Phil has always rolled his eyes at the comparison, and I’m sure he’ll continue to do so.
    While the “most feared and talented player in the game” comparison definitely has merit and applies to the comparison, the only real reason the media is calling him the Tiger Woods Of Poker is because he also happens to be a black man. Which is the real reason Phil rolls his eyes at this whole scenario. It’s as if he’s saying to himself “Really? Tiger Woods huh??That’s the best you guys can do??? That’s pretty original.”
    I’m sure he admires Woods and is a huge fan, but realizes it’s an unfair assessment from desperate media-types to attach some sort of moniker to a star player. Is being “Phil Ivey” not good enough?
    If Phil was a white man, do you think they’d call him “The Jack Nicklaus Of Poker?”

  2. Chinaman

    July 16, 2009 6:35 am, Reply

    I love when comparisons are thrown around based on skin color.

    Phil Ivey is black, he must be Tiger Woods. Hurrrr.

    Why wouldn’t the Tiger Woods of poker be someone like Phil Hellmuth, someone who had huge success early on (main event title at 24) and continued having success to the point that if he doesn’t do well in a WSOP, that itself becomes a talking point.

    And before you are quick to dismiss by saying something like, “Hellmuth is a whiny little bitch,” don’t forget the kind of whinge Tiger has exuded throughout his years on the tour. Crying because people are taking pictures, getting his caddy to fight spectators. More of a ‘golf brat’ than most.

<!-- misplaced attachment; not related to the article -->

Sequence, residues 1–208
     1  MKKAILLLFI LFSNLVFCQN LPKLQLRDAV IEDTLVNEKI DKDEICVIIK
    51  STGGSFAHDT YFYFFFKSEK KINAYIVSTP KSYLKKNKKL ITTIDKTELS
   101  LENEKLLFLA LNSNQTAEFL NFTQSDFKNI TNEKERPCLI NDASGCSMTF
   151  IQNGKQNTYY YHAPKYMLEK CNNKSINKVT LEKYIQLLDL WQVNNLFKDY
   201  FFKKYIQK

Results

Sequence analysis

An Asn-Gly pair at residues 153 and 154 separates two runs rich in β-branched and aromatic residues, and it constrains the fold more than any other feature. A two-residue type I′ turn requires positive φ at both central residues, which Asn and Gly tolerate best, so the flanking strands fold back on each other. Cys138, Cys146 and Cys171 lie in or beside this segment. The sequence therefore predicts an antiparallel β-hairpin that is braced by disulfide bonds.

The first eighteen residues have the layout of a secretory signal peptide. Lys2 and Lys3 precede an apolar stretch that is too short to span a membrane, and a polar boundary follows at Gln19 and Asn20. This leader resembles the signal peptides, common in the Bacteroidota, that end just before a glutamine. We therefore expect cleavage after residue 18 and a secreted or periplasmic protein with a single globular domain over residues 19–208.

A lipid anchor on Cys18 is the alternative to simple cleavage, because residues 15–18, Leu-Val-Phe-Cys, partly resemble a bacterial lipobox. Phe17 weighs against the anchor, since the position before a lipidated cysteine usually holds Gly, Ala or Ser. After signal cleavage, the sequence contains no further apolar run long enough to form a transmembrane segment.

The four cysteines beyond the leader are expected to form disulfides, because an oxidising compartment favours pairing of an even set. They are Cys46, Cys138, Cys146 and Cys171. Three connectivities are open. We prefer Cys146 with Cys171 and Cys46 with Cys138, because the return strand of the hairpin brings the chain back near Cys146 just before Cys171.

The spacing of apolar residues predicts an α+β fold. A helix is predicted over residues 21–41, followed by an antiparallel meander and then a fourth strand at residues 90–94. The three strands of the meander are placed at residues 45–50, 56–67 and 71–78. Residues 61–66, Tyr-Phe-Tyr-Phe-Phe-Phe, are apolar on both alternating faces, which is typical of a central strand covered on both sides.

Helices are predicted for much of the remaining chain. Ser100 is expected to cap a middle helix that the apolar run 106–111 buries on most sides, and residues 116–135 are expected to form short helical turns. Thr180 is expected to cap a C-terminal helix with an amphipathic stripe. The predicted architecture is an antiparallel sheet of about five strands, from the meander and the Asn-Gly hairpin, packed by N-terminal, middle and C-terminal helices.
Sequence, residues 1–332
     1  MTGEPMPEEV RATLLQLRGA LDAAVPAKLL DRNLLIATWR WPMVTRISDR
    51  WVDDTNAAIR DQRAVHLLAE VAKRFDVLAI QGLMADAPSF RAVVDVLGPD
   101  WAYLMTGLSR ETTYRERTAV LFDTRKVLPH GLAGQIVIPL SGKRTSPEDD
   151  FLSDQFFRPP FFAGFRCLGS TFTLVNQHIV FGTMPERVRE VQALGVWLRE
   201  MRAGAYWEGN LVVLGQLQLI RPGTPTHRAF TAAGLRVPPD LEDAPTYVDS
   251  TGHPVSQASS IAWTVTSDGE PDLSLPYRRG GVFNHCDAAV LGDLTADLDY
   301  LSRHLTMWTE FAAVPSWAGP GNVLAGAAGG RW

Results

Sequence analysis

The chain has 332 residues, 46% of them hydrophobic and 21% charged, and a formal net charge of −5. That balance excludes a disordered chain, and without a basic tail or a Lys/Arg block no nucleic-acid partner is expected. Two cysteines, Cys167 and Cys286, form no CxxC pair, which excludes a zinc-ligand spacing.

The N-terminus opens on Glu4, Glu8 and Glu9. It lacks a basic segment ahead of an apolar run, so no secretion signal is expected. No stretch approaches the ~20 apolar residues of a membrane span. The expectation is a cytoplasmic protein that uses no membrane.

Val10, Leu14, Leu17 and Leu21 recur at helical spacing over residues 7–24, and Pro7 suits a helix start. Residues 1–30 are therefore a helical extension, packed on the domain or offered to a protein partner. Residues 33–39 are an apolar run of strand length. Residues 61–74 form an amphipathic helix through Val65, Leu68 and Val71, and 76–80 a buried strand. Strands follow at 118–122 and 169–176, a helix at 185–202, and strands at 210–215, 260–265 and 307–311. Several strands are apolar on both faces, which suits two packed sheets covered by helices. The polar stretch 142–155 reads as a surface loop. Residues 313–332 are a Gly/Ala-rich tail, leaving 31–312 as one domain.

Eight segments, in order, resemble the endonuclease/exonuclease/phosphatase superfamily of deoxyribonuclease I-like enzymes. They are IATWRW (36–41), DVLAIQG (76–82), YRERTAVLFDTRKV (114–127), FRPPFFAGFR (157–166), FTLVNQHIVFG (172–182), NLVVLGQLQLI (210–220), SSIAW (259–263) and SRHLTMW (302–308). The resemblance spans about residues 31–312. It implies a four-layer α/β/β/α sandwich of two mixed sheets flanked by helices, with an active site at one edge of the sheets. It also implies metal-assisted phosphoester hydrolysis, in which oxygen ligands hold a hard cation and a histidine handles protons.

3. Herman

    July 16, 2009 6:41 am, Reply

    I don’t think he’s quite at the “Tiger Woods” level. Yes, he’s great and he’s one of the best in the world but he’s THE best, in my opinion. Before he joins the N9, he’s going head to head with Hellmouth and the other greats in poker at the sports legends challenge, so it’ll be interesting to see how he does against everyone else before the WSOP wraps. I wonder if it’ll give us a taste of what he’ll do in November.

  4. sorry hage

    July 16, 2009 7:24 am, Reply

    it would be nice if this Ivey guy could score a sweet deal with one of the big online poker sites.